post #17 of 21

I would not worry about any competition, as long as you do quality work that is all you have to worry about, I took Wilton classes from course 1 to 4 and still had to learn a lot of things on my Own and and I still cannot do Fondant very well, and the Instructor went by the Book also she is Good though she gives us little tidbits here and there, but I think she thought us what she wanted us to know because she has a cake Business and Maybe Don't want us to outdo her. And I also learned a lot from this site thanks to all of you. So put GOD first and everything will be fine.

By the way what is the Melvacake Method Please share I missed that one

emrldsky Posted 5 Dec 2008 , 9:28pm
post #18 of 21
Quote:
Originally Posted by indydebi

Quote:
Originally Posted by Tita9499

Some people, no matter how many tips, tricks or secrets you give them, just don't have the skill to create cakes. ..... If I have a recipe that I've worked super hard on to perfect and someone asks me for it, I flat out tell them I don't give out that particular recipe..... If you help guide her, think of it as your paying it forward from when someone helped you.



Totally agree with these statements. I've said it before ... I can have someone standing right next to me, making the same cookie recipe using the same recipe in the same equipment and I guarantee you that mine will come out better. It's the skills, the love, the passion, the knowing "until it looks right" factor, the years of doing it, the experience and the expertise. I freely share my tips and techniques because I know most people are not going to invest what I've invested to get this going as a business.

Plus I ALSO give them information overload and it kinda intimidates them! My neighbor came over to borrow a cake pan. She left with 2 pans, 3 cooling racks, a leveler, bake-even strips, a box of parchment paper, an icing spatula, some bags and tips. She's standing in my kitchen with her arms overloaded saying, "I was just going to bake a simple cake!" I put an evil grin in my face and said, "Yeah, but doing it RIGHT takes work!" icon_twisted.gif heh heh heh heh hehhhhhhhh!




Debi, will you be my third mom (I'd say second, but my MIL is actually really great and loving)? icon_wink.gif I live close enough to spend a day, but far enough that I'd have to call ahead! lol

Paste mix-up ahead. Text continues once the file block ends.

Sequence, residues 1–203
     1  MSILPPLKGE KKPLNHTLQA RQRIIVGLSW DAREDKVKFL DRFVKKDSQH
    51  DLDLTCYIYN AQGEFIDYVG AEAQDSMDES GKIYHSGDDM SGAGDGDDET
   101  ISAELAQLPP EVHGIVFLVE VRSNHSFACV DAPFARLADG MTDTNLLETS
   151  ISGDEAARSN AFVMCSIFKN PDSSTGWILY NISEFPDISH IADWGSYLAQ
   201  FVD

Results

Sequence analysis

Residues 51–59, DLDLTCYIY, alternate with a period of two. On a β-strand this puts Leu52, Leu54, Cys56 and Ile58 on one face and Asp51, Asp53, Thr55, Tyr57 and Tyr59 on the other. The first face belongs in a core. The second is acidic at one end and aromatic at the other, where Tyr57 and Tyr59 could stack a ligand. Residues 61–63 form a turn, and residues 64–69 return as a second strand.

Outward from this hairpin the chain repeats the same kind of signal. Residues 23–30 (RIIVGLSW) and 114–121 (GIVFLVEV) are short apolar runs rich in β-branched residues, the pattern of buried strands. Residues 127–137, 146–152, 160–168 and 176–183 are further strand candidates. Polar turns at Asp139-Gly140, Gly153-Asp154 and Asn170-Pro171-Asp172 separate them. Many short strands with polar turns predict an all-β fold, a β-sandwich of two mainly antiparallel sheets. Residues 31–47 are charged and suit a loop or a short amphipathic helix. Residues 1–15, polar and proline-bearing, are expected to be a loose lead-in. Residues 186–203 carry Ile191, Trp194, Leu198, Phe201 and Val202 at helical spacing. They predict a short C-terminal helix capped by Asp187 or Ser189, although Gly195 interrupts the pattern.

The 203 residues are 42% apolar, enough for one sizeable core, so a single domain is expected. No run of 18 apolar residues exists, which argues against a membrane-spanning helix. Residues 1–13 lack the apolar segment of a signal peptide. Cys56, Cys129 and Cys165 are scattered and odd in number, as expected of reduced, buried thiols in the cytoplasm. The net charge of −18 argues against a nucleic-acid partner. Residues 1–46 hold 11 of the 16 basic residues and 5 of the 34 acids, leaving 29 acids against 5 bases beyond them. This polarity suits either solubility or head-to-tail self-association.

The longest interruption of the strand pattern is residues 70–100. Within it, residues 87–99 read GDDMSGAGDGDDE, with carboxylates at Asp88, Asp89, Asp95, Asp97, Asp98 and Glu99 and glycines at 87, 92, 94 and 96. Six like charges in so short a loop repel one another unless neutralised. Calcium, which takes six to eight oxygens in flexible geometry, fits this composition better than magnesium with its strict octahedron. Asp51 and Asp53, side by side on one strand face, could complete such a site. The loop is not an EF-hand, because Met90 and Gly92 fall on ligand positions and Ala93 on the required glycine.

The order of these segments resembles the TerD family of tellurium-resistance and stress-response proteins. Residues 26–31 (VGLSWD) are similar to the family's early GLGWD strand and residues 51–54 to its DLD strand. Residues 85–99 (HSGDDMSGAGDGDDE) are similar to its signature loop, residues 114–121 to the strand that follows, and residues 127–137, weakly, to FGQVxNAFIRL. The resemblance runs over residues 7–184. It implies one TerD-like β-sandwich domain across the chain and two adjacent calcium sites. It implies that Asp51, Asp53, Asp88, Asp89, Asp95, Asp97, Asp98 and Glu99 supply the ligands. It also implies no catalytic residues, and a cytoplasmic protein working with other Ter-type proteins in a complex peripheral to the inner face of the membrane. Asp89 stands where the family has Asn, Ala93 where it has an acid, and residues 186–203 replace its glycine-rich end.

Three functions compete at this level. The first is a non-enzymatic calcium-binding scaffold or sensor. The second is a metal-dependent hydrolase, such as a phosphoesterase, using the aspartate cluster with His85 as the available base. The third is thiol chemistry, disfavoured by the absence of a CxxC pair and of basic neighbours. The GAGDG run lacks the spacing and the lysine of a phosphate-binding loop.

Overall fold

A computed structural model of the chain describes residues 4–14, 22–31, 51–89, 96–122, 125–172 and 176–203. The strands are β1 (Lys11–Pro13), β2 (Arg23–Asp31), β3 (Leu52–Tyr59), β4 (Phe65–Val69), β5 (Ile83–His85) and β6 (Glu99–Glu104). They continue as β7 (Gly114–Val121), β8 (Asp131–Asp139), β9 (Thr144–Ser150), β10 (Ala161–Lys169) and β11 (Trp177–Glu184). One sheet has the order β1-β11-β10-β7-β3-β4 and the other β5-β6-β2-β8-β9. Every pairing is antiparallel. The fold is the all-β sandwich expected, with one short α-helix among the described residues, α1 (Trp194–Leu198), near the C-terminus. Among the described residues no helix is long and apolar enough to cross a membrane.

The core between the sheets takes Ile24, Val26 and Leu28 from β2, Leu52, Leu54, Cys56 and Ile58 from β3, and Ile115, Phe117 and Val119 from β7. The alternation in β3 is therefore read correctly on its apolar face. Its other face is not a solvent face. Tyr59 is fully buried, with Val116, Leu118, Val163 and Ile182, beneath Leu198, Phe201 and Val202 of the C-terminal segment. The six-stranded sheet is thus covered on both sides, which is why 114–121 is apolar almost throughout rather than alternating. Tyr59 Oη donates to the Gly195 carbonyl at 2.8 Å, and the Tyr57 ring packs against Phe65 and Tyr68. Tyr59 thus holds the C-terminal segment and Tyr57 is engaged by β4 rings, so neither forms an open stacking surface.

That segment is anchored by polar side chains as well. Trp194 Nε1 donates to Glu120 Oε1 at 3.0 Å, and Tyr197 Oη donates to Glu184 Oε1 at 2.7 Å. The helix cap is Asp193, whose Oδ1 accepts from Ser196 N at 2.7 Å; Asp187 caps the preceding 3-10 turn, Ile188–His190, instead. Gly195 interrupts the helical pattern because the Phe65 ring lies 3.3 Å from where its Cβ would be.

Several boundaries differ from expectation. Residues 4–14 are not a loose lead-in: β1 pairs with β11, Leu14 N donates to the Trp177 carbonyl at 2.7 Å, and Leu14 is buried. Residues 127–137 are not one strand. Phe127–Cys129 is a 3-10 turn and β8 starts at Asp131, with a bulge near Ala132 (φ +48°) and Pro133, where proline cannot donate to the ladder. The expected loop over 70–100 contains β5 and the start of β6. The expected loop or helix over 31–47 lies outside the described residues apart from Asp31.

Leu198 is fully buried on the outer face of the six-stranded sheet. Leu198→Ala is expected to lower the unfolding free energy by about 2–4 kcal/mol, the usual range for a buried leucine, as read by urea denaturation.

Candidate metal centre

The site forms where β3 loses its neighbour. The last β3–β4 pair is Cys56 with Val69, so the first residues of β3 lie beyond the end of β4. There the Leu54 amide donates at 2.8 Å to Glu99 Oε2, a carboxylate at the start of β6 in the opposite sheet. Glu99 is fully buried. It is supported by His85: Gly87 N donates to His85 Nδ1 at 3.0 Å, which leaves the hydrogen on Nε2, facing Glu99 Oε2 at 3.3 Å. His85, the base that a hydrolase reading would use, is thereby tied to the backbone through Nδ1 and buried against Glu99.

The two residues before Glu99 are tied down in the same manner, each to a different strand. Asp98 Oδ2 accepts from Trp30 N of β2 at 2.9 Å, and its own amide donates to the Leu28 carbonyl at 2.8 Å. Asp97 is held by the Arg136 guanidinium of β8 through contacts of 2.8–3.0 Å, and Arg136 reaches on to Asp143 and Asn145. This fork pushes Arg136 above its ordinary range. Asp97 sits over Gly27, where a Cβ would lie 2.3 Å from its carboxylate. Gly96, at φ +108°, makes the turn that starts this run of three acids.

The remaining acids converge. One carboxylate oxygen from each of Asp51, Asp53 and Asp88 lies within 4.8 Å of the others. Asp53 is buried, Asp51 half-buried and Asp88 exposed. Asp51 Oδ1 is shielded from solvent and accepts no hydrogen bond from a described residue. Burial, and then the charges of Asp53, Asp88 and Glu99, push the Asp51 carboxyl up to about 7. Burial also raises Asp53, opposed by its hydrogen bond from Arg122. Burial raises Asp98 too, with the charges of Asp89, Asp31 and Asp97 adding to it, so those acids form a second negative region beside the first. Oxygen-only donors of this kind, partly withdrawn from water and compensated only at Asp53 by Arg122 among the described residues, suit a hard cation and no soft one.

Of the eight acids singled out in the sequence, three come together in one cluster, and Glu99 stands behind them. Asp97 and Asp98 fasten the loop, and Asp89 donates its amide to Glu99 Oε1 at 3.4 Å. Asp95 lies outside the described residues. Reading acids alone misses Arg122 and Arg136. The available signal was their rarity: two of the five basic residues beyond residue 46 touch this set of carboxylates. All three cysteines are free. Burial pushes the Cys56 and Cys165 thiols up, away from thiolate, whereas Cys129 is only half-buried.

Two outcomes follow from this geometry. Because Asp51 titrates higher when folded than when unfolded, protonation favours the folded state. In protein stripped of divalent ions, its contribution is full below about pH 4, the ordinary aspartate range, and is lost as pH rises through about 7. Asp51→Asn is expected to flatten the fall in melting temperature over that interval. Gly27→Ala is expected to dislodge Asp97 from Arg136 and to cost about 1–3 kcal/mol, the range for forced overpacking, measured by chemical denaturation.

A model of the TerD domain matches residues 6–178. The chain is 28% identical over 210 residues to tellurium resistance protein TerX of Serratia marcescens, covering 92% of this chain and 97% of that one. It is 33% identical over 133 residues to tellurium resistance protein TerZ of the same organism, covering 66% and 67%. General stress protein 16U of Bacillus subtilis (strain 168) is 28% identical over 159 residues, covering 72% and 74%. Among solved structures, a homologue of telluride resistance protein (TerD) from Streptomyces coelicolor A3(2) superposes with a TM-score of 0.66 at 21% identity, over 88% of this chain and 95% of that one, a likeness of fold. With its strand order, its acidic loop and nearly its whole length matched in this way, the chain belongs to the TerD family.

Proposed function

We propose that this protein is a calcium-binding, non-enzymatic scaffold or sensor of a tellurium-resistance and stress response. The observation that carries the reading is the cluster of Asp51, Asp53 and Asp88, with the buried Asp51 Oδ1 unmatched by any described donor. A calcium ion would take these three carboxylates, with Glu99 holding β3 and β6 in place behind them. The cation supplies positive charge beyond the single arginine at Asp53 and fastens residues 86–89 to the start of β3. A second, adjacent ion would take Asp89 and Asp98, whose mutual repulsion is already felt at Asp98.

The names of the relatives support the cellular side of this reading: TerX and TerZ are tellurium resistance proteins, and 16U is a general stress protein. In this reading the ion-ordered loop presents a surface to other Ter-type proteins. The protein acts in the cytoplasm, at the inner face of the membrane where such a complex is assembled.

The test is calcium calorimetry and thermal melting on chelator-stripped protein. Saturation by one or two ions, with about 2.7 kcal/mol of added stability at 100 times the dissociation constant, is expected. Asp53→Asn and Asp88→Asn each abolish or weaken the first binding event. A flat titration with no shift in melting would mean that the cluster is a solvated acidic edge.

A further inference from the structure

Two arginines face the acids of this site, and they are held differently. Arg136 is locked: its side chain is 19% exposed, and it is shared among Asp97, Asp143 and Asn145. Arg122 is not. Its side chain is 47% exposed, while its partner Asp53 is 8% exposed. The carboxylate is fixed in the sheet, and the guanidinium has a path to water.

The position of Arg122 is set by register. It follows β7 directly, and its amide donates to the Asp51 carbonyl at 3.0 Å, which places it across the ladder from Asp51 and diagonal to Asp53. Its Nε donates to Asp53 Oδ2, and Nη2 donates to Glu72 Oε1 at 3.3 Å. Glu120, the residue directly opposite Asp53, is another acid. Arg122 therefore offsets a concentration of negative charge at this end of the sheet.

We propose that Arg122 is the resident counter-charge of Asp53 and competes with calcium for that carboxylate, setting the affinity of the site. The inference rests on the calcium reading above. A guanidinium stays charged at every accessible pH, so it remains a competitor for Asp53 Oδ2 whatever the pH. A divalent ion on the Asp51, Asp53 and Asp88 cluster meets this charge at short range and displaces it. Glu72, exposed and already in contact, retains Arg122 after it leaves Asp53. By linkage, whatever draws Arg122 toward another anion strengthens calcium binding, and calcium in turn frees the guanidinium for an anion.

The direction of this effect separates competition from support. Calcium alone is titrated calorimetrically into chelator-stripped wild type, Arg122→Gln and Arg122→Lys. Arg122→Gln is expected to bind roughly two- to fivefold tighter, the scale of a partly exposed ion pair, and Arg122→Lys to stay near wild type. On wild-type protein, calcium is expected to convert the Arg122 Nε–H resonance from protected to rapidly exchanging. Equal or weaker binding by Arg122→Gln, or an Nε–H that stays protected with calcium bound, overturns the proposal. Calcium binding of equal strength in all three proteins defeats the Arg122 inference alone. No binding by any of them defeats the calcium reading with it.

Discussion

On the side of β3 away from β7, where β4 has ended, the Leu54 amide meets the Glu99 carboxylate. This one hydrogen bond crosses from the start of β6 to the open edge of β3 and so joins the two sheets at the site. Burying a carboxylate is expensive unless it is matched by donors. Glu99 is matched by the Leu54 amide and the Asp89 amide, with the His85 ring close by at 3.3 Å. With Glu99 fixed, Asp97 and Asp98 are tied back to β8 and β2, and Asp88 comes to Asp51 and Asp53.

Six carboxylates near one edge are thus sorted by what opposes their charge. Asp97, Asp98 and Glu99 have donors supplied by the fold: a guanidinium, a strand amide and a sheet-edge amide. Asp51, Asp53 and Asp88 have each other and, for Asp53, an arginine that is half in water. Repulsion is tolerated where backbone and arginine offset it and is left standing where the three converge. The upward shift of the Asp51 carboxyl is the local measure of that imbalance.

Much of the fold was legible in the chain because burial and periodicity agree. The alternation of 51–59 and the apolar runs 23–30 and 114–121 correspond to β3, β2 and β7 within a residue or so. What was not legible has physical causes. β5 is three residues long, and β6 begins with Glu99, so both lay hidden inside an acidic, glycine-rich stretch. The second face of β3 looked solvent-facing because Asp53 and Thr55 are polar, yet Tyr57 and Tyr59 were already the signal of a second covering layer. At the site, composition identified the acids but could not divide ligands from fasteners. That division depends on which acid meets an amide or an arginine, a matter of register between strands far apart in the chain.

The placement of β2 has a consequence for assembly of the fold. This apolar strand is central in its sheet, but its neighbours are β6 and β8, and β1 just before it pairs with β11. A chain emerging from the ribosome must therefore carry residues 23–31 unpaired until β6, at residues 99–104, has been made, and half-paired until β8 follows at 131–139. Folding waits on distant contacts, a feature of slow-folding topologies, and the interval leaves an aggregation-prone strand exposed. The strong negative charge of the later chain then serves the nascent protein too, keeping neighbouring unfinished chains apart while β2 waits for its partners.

weirkd Posted 5 Dec 2008 , 9:33pm
post #19 of 21

Yep, agree with Debi as usual! There are some people that just have it in them to do certain things. You could stand next to a brain surgeon and watch but not be able to do what they can do. The same goes for artistic talent. You either have it or you dont. You can buy cutters and go to every class that is out there and unless its in you, its not going to come out the same way. You also have to have a passion for it. Lord knows that this is not an easy business to get into, between the time and money you invest and no one can really appreciate your creation without knowing that you give a little piece of yourself into your work. Just like an artist.
So what if she didnt come back for the cake. You were giving her too good of a deal to begin with. And she wouldnt be able to put the passion into it as you can. And definetly not the talent! So dont beat yourself up over it. We all go through these little trials with different people. But as Debi has said in the past, and the present, that there is enough cake to go around! You do amazing work and no one can take that away from you!...stepping off my potidium and dropping my two cents!

Deb_ Posted 5 Dec 2008 , 9:40pm
post #20 of 21

I agree with most of the responses before me. Consider it a complement when someone thinks so highly of you and your abilities that they ask you for help or advice. Just because you tell or even show someone how you do something, doesn't mean they will be able to replicate it exactly. It takes many many years of practice.

I get this in my full time profession as well. I'm a hairdresser as I've told you guys many times. It always cracks me up when I get a new client from out of the area that comes in and says to me..........."I asked my stylist for my color formula and she said she owns it and won't give it out". How freakin insecure can you be? You're losing this client anyway, they are moving out of your area, and you won't give them "your" formula? I always laugh and say if they're that insecure about keeping clients they can keep their formula, I'll figure it out myself.

I think the important thing to remember is.......none of us were born "knowing it all", we all had to learn somewhere or from someone. I'm honored when one of my younger employees asks me how I do a certain haircut or style. If my former boss hadn't taught me, I wouldn't be where I am today. Paying it forward is a good thing and I'm more than confident in my own work to know that teaching them is not going to hurt my business.

xstitcher Posted 6 Dec 2008 , 6:22am
post #21 of 21
Quote:
Originally Posted by Uniqueask



By the way what is the Melvacake Method Please share I missed that one




Here you go:

http://cakecentral.com/article83-Quick--Easy-Smooth-Icing-Using-a-Roller-Melvira-Method.html